2.  The Windsor Framework resolves the issues of the NI Protocol.

No, it doesn’t. The Windsor Framework is simply an agreement on how to implement the NI Protocol. The NI Protocol will start to be fully implemented this Autumn, as agreed, unless it isn’t. The only pressure on the Conservative Government and possibly the EU (though the EU doesn’t seem to have cared, as the Irish Government has cheered it on) is that the Good Friday Agreement (GFA) is seen to be broken if the Stormont Assembly isn’t up and running.

It is clear, as articulated by Jeffrey Donaldson in the House of Commons, that the border in the Irish Sea is no more acceptable to Unionists than a border along the EU’s land border would be to nationalism. Without that being accepted, the GFA is meaningless and a principal plank on which the Northern Ireland Protocol was founded to achieve is actually as unachievable as the Protocol is unworkable.

Unionists are unlikely to start talking about the ‘spirit of the Protocol’, to believe in something that isn’t reality, in the same way many (nationalism) talk of the ‘spirit of the Good Friday Agreement’, inferred, the reality of a promise of gold at the end of an Irish rainbow.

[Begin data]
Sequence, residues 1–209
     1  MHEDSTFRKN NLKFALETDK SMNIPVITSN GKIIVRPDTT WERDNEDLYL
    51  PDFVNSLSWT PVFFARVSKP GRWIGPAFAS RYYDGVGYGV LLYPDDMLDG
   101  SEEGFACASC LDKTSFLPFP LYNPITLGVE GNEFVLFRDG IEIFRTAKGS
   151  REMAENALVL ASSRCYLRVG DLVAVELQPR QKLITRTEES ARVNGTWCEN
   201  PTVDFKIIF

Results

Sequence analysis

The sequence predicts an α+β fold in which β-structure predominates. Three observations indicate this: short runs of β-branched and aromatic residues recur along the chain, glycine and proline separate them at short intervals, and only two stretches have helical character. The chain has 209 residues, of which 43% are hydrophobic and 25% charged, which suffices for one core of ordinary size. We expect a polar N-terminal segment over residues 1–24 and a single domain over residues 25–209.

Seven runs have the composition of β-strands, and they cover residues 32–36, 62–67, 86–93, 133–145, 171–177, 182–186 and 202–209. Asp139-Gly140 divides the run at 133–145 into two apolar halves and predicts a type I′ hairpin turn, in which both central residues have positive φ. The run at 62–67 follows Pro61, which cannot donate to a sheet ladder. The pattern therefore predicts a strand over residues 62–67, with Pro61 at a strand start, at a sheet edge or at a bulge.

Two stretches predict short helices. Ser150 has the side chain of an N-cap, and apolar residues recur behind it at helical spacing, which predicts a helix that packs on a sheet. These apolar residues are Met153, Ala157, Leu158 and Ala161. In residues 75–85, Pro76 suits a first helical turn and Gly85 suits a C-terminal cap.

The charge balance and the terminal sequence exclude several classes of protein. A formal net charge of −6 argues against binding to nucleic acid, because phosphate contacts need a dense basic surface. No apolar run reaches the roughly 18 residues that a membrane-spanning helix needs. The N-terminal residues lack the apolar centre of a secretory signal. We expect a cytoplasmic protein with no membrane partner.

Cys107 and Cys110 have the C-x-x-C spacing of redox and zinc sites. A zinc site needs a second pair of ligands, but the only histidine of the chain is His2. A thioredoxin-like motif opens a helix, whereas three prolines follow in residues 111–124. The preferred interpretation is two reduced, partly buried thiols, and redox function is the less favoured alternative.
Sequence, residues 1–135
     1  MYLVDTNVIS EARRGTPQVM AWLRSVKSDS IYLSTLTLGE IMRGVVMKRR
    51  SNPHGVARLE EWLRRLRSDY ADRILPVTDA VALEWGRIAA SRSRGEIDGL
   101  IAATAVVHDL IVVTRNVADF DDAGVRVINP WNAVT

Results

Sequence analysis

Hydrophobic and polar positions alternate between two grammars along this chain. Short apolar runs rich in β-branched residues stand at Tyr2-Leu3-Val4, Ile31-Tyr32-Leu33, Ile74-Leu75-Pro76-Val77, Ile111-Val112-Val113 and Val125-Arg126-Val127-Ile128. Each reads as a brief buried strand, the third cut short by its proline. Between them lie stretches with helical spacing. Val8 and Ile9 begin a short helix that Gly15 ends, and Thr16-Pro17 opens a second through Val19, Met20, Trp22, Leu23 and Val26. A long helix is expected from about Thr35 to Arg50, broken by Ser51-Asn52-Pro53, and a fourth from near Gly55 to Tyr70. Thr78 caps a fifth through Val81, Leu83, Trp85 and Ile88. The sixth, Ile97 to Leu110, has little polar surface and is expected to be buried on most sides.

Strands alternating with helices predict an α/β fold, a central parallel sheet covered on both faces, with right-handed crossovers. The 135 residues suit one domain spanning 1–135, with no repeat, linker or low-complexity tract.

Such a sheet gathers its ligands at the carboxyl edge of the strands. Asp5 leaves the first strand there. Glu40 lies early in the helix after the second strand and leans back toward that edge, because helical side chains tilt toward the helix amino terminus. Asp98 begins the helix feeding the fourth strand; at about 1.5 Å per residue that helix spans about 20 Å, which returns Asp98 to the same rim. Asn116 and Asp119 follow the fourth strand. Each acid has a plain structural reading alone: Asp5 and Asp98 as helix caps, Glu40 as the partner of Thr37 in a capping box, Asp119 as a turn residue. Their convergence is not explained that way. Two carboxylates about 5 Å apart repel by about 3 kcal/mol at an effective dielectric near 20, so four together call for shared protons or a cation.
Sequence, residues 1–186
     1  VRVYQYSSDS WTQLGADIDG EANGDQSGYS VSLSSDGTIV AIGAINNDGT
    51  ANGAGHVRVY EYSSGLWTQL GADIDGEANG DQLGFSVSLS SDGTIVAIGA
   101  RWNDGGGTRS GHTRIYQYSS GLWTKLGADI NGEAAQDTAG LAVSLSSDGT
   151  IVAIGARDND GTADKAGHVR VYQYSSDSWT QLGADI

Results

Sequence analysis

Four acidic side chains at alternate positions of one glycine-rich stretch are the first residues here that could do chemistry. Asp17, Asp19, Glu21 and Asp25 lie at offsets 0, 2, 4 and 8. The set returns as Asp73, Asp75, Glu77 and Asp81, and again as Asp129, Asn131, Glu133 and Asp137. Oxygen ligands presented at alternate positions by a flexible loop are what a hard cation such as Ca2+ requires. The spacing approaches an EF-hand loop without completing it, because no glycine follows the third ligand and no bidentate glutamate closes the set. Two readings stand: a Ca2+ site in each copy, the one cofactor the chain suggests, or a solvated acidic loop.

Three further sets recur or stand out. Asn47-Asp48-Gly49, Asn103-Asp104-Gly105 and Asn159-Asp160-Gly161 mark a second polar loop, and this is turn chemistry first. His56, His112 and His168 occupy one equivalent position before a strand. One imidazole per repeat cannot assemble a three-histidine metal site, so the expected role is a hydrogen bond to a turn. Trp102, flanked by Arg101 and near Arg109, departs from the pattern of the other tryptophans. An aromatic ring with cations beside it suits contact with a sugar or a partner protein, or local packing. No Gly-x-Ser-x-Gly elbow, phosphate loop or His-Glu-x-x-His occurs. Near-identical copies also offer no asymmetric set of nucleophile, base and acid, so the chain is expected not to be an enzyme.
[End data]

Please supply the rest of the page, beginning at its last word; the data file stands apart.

In the wave of optimism and fine words after the Rishi and Ursula show of unity at Windsor, the fog thickens around what is actually going to happen as the Protocol tightens this Autumn 2023. Previously supportive national supermarket retailers have been scathing. Parcel rules will become an unwelcome bureaucracy within the United Kingdom.

When the Protocol was first enacted, the process for sending goods into Northern Ireland was so unworkable that around 80% of goods that should have been within the Protocol were under ‘grace periods’ ie largely exempt from the Protocol arrangements. Of the rest, there were still major issues around the bureaucracy mostly on level of form-filling required. What the Windsor Framework has done is reduce the number of boxes to be ticked to around 20% of what was required previously.

Not mentioned is that that the 80% of goods that were previously exempt will now be back under the unworkable scheme. Maybe in some management consultancy world the reduction of the number of boxes to be ticked makes what was previously unworkable magically seamlessly streamlined and efficient, that the added bureaucracy and cost across the board is ‘an improvement’.